Participants heard how, for some areas, there is a consensus about necessary interventions to accelerate sustainability in the cocoa sector, and the core challenge is to move to scale – particularly in the areas of productivity, women’s empowerment, community development, and child protection.  In other areas, clearly more analysis and research are needed to better diagnose the problems and pilot solutions – such as addressing deforestation and climate change, and alternative income-generating activities for cocoa farmers.

Participants visit the Trade Fair and enjoy chocolate samples. World Cocoa Foundation
Participants visit the Trade Fair to learn about company sustainability initiatives and enjoy chocolate samples.

The discussions also demonstrated a growing level of trust and commitment among all the stakeholders to work together. There was repeated reference to CocoaAction providing a strong framework to strengthen public-private collaboration. Another central theme was about looking to the future and reflecting on what cocoa production and processing will look like in 2030.  The meeting ended with a strong shared commitment to deepen collaboration, including more effective dialogue between private sector and governments on key policy issues, more active engagement between WCF and civil society organizations, and expanded collaboration with international financial organizations to mobilize the resources needed to scale up sustainability.

Without doubt, the most inspirational part of the Partnership Meeting was the opportunity to listen to the cocoa farmers who participated in panels and attended the discussions, particularly a number of dynamic women farmers.  Without them, none of us would be here.

A summary report from the Abidjan meeting will be distributed before year’s end. SAVE THE DATE for WCF’s next Partnership Meeting October 24-25, 2017, at the Marriott Renaissance Hotel in Washington, D.C.


On October 26 WCF, United States Agency for International Development (USAID) and high level representatives from four West African nations gathered in Abidjan to launch the African Cocoa Initiative Phase II (ACI II). ACI II is a five-year, $12 million cocoa sustainability program designed to increase the availability and use of high quality cocoa planting materials as well as improve cocoa farmer access to financial services in Cameroon, Côte d’Ivoire, Ghana and Nigeria. The program is a joint effort to support the implementation of WCF’s CocoaAction strategy, especially in the area of planting material and access to financing for farmers, that aligns leading private sector partners on key sustainability issues in the West African cocoa sector. CocoaAction companies including WCF Members Barry Callebaut, Cargill, The Hershey Company, Mars, Incorporated, Mondelēz International and Nestlé are joined by  CropLife Africa, Guittard Chocolate Company, and Tree Global in the implementation of this innovative public private partnership.

From left: WCF President, Rick Scobey; WCF Chairman, Barry Parkin; Managing Director of Cameroon’s ONCC, Michael Ndoping; Chief Executive of Ghana’s Cocoa Board, Dr. Stephen K. Opuni; Director General of Côte d’Ivoire’s Le Conseil du Cafe-Cacao, Massandjé Touré-Litse; USAID’s Private Sector Advisor in the Office of Markets, Partnerships, & Innovations, Jay Daniliuk; and WCF’s Senior Program Director for West Africa, Paul Macek.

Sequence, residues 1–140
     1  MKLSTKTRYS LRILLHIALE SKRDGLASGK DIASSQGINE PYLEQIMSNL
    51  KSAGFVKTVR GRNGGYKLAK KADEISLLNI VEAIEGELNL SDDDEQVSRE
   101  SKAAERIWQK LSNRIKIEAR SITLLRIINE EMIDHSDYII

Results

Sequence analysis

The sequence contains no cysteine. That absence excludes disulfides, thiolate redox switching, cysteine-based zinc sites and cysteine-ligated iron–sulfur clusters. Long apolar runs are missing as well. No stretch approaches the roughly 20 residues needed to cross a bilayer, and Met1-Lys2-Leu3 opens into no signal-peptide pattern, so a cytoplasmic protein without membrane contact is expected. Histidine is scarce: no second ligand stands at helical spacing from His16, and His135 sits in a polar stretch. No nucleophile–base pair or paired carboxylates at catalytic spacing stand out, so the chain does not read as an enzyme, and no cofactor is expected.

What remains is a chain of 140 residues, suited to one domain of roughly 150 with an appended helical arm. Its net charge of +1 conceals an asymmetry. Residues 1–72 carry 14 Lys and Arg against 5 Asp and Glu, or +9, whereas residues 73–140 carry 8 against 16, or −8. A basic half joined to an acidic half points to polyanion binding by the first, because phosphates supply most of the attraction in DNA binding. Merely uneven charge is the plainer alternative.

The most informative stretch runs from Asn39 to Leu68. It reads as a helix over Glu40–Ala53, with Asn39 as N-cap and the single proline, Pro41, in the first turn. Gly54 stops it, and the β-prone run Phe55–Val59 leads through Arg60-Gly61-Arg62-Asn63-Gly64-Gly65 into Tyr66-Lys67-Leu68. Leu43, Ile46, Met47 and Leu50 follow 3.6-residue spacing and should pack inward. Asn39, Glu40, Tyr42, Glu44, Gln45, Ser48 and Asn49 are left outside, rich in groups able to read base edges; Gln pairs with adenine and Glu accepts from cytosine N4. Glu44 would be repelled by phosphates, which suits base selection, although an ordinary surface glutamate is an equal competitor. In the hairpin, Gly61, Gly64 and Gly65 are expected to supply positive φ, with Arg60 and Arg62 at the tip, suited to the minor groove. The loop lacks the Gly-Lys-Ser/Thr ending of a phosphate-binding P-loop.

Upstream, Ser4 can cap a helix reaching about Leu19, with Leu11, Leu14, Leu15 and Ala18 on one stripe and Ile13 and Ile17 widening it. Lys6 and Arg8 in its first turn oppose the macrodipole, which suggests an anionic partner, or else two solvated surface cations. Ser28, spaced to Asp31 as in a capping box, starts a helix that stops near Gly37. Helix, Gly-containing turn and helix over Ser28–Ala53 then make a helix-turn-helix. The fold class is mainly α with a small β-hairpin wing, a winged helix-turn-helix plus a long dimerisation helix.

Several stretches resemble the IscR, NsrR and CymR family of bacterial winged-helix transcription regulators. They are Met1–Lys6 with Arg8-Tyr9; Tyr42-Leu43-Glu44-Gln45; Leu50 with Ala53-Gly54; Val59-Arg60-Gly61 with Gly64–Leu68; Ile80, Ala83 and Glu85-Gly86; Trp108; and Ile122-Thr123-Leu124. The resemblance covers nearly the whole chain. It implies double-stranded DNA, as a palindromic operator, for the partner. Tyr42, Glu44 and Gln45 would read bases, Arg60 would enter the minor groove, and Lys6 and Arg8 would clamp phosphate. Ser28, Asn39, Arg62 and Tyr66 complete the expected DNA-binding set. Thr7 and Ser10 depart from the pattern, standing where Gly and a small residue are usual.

WCF Senior Program Director for West Africa Paul Macek said, “WCF is very pleased to see our partner, the United States Government’s Feed the Future initiative, renew its partnership with WCF on industry’s flagship strategy for cocoa sustainability in West Africa.”

According to Jay Daniliuk, Private Sector Advisor in the Office of Markets, Partnerships, & Innovations in the Bureau for Food Security at USAID, “‘win-win’ partnerships such as ACI II address core business objectives of our private sector partners and advance the impact of sustainable development by fostering private sector-led growth in emerging markets, a critical step in reducing poverty, fighting hunger, and improving nutrition.”

The launch of ACI II coincided with WCF’s annual Partnership Meeting in Abidjan.

More information on the ACI II project can be found here.


CSSVImmediately following the Abidjan Partnership Meeting, WCF convened a regional forum about the growing problem of cocoa swollen shoot virus (CSSV) in West Africa. The meeting attracted more than 30 research scientists, policymakers and industry representatives, including from ONCC (Cameroon); CCC and FIRCA (Côte d’Ivoire); CRIG (Ghana); CRIN (Nigeria); and CRAF (Togo).

WCF President Rick Scobey stressed to participants the importance of addressing CSSV from a regional perspective, noting that the disease knows no borders. He cited evidence that CSSV is rapidly spreading and poses a serious threat to cocoa sustainability. He called for a regional approach to coordinate work and research, and that the responsibility for making this happen lies with cocoa-producing countries in the region.

The forum included a review of the Grand Bassam 2013 recommendations to situate the current discussion within a historical context about the disease. The review provided participants with an overview of the disease, its history in West Africa and its evolution over time. There was also a discussion about previous meetings and regional efforts to combat the disease. An outline was suggested for priority elements of regional control and containment strategy.

The group endorsed a proposal to develop a coordinated, cross-border, and collaborative action plan, in which policy makers from the affected countries mobilize scientists to share results and put research into action with outside donors invited to provide support. This strategy would include long-term commitments from governments, industry, research institutes, and other partners such as WCF and the International Cocoa Organization (ICCO).

Participants further agreed to develop a funding proposal for submission to the African Development Bank. A sub-group was constituted to prepare and circulate for review of the proposal.


The Regional Symposium on the Next Generation of Cocoa Research was held from November 8 to 10, 2016 at the International Institute for Tropic Agriculture (IITA) in Ibadan, Nigeria. More than 110 scientists from across the region, cocoa trading and processing firms, chocolate manufacturers, NGOs in cocoa sustainability, and government representatives participated in the 2-day meeting.